Carl Bean, a gay icon who escaped a hardscrabble childhood in Baltimore to become a Motown singer, founder of an LGBT church network and eventually an archbishop, has died. He was 77.
“Archbishop Bean worked tirelessly for the liberation of the underserved and for LGBTQ people of faith and in doing so, helped many around the world find their way back to spirituality and religion,” wrote the Unity Fellowship Church Movement in a Tuesday statement announcing its founder’s death. Bean’s Sept. 7 “transition to eternal life” came “after a lengthy illness.”
While Bean was a legend in his own time who influenced a great diversity of industries in the process of advocating for the LGBTQ community and black civil rights, his rendition of the disco hit “I Was Born This Way” and its influence over Lady Gaga’s 2011 represents his most recent and best-known cultural contribution.
“I always say the lyric found me, and it was very natural,” Bean told NPR in 2019 of being asked to cover the 1975 tune, which was originally sung by the singer Valentino. “[It] has just been a blessing to my life. And it’s been a blessing, once again, to even another generation’s life through the take that Gaga did on it.”
The song became a career-defining moment for Bean in the mid-1970s, by which time he already had multiple lives-worth of accomplishments to his name — all despite the odds. Born in 1944 Baltimore, Bean was raised by a neighbor after his mother died during an abortion but was kicked out after realizing he was attracted to boys and being abused by his uncle. He soon found himself in a mental hospital, but resisted homophobic electroshock therapy and, after being released, began performing gospel in Baltimore, the BBC reported.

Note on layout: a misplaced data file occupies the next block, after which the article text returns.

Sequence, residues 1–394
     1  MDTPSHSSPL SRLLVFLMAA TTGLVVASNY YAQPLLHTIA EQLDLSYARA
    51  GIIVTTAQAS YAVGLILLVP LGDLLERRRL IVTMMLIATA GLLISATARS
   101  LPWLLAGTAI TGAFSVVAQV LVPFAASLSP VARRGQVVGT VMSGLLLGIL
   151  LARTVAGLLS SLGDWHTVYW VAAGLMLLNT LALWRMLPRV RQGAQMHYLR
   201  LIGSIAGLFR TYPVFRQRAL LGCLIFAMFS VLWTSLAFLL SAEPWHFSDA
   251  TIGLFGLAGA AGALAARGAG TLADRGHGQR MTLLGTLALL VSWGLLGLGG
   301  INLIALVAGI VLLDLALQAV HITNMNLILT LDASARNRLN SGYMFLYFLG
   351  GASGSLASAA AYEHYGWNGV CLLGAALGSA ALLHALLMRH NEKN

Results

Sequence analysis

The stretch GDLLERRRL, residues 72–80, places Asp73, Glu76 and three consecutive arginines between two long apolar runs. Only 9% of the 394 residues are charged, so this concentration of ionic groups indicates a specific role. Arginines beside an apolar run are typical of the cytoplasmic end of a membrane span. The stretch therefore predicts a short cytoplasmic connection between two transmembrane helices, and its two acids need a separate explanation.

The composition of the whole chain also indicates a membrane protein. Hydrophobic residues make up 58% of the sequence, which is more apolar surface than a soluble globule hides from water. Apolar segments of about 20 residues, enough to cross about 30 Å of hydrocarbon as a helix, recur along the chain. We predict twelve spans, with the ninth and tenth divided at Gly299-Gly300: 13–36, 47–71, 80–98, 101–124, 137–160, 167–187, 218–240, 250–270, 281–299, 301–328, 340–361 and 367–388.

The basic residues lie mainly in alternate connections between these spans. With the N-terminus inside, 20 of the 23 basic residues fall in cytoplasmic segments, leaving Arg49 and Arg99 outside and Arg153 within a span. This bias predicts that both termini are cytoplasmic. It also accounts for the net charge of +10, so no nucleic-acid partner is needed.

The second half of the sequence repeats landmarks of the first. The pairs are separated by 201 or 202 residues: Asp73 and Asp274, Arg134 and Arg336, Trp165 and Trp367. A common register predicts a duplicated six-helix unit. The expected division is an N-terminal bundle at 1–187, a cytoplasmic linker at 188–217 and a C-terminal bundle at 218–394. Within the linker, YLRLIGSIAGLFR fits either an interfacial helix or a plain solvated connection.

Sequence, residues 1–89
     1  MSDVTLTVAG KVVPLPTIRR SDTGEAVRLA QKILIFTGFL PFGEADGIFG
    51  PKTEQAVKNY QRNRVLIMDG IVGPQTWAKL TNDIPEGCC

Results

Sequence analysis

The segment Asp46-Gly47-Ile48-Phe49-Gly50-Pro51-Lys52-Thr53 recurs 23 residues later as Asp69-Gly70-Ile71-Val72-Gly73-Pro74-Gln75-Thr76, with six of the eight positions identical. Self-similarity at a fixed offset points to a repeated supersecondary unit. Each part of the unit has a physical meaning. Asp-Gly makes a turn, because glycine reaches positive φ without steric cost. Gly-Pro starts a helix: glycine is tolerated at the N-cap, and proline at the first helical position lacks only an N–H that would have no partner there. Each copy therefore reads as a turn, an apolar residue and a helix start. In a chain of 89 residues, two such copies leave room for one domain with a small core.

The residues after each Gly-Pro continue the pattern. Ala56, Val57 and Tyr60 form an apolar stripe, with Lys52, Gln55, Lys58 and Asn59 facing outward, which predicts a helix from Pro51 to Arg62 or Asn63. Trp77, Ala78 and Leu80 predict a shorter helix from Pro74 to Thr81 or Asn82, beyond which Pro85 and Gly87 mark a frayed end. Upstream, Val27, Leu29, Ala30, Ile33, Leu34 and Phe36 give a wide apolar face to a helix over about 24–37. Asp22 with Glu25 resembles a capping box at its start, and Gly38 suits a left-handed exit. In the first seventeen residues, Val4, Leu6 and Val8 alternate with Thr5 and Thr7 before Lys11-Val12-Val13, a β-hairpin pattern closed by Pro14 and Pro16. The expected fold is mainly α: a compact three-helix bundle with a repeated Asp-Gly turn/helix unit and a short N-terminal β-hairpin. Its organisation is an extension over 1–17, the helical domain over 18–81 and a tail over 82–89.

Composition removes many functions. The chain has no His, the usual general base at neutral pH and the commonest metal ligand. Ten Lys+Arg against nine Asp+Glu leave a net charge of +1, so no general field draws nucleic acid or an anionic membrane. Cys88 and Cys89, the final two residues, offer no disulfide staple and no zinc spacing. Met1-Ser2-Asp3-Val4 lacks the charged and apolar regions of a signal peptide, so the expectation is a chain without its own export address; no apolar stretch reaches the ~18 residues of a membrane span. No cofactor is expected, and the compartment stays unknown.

He moved to New York City at age 16 and appeared in a Langston Hughes production before moving to Los Angeles and forming the group Carl Bean and Universal Love. Following the success of “I Was Born This Way,” Bean chose to become an AIDS activist and found the LGBT and black congregant-focused Unity Fellowship of Christ Church instead of pursuing a Motown career since he refused to sing commercially-angled romantic tracks about women.
The many honors he received during his lifetime of advocacy work including the NAACP Image Award.
“Thank you for decades of relentless love, bravery and a reason to sing,” Lady Gaga told Bean this May, the 10th anniversary of her “Born This Way”’s release. “So we can all feel joy, because we deserve joy. Because we deserve the right to inspire tolerance, acceptance and freedom for all.”